I had heard of Le Guin  of course, but somehow had only managed to read one of her books  before now (The Left Hand Of Darkness) way back when I was a teenager, which I had enjoyed but found markedly different to all the SF I was reading at the time, by authors such as Roger Zelaney, Damon Knight, Samuel Delaney, Jack Vance, Asimov. I put this down to being a female voice, which when I lost myself in the main character made me feel the story events in a totally different way.  It was something I kind of wondered at.

Fast forward forty plus (cough) years and here thanks to my daughter I have that voice in my head once again.

(General overview, no plot spoilers!)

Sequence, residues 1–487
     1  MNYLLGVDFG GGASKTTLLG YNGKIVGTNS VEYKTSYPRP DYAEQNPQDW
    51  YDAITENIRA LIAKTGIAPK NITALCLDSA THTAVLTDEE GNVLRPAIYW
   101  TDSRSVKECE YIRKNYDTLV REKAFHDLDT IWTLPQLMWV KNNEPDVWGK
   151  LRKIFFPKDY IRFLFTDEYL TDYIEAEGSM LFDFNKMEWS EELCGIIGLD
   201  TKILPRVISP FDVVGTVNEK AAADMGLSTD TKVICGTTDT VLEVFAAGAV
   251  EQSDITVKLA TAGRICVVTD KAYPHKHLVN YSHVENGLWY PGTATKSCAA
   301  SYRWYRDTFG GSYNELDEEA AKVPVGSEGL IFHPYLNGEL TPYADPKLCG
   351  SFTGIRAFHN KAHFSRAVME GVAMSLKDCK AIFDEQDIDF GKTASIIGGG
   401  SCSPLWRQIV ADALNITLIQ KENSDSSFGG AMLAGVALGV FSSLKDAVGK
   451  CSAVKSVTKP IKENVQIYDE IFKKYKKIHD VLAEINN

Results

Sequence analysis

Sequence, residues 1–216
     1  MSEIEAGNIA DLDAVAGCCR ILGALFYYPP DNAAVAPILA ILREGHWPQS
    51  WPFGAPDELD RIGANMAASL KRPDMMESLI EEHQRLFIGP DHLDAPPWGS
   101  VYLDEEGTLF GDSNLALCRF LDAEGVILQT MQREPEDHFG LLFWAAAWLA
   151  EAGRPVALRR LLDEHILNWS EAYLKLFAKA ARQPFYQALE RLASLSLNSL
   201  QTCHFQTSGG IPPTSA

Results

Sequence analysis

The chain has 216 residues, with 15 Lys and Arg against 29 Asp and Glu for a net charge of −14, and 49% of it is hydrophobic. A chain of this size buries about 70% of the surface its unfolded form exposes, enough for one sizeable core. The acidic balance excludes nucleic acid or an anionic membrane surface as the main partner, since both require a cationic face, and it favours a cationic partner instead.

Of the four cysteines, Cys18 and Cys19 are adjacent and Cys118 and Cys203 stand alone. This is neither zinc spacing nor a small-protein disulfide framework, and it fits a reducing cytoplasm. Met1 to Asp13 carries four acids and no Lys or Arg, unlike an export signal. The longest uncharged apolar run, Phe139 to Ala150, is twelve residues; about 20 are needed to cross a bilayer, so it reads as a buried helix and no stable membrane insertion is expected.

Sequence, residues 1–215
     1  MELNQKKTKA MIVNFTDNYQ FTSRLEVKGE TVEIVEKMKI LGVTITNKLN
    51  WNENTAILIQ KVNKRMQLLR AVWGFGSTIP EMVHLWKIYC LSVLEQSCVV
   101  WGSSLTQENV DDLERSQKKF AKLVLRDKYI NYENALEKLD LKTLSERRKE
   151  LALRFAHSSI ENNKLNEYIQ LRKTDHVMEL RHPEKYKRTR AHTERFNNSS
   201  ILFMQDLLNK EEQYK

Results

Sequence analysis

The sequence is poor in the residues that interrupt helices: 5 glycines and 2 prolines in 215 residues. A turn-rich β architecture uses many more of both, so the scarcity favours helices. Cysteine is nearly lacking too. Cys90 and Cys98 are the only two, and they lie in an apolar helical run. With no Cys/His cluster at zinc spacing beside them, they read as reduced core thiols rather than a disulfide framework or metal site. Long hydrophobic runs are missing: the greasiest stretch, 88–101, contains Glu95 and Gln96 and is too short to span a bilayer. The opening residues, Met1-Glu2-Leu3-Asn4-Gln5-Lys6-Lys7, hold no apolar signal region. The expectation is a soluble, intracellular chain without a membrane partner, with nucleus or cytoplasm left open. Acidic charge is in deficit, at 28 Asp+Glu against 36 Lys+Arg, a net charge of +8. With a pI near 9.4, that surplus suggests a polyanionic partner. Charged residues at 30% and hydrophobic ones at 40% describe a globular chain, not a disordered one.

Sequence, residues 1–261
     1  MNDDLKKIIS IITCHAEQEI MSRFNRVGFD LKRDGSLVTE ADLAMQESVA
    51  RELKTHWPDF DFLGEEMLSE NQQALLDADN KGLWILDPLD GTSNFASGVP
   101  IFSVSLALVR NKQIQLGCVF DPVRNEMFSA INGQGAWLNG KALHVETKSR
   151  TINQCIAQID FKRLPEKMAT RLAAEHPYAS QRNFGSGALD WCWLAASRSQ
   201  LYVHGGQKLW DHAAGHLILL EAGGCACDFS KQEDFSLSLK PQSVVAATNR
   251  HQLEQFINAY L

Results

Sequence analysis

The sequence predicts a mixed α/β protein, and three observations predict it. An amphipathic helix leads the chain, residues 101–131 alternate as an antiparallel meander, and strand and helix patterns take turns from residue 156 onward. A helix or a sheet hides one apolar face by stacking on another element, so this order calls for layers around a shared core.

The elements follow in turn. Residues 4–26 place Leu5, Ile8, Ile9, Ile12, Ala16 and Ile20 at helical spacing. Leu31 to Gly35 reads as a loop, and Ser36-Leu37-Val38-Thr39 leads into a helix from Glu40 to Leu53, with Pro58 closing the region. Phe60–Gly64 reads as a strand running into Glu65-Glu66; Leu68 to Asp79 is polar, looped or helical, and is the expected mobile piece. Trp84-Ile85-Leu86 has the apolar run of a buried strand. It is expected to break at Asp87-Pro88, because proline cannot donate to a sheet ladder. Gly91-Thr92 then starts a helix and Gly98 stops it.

This first book is a Bildungsroman and introduces us to both the central character (of all the first four books) and to the fantasy world of Earthsea. Earthsea is a world of perhaps a thousand islands, large and small in a vast archipelago surrounded by navigable seas. The level of technology is in the early iron age I guess although not too much use seems to be made of metal. Wooden sailing ships which trade between islands are the only method of transport.  It is a human world, and there are a few different human types and several languages. The default physiology is brown skinned, and the only white skinned people live in the North East  Kargish islands. They are a bit aggressive at times. There are also Dragons, (proper fire breathing ones) , an ancient race who mostly keep to themselves. There is also magic. Low level magic is everywhere. Most ships carry a weather maker who can put wind into the sails, and every village has a witch. However, there are only a few hundred proper Sorcerers, who learn their craft at the Institute on Roke, the island of wizards.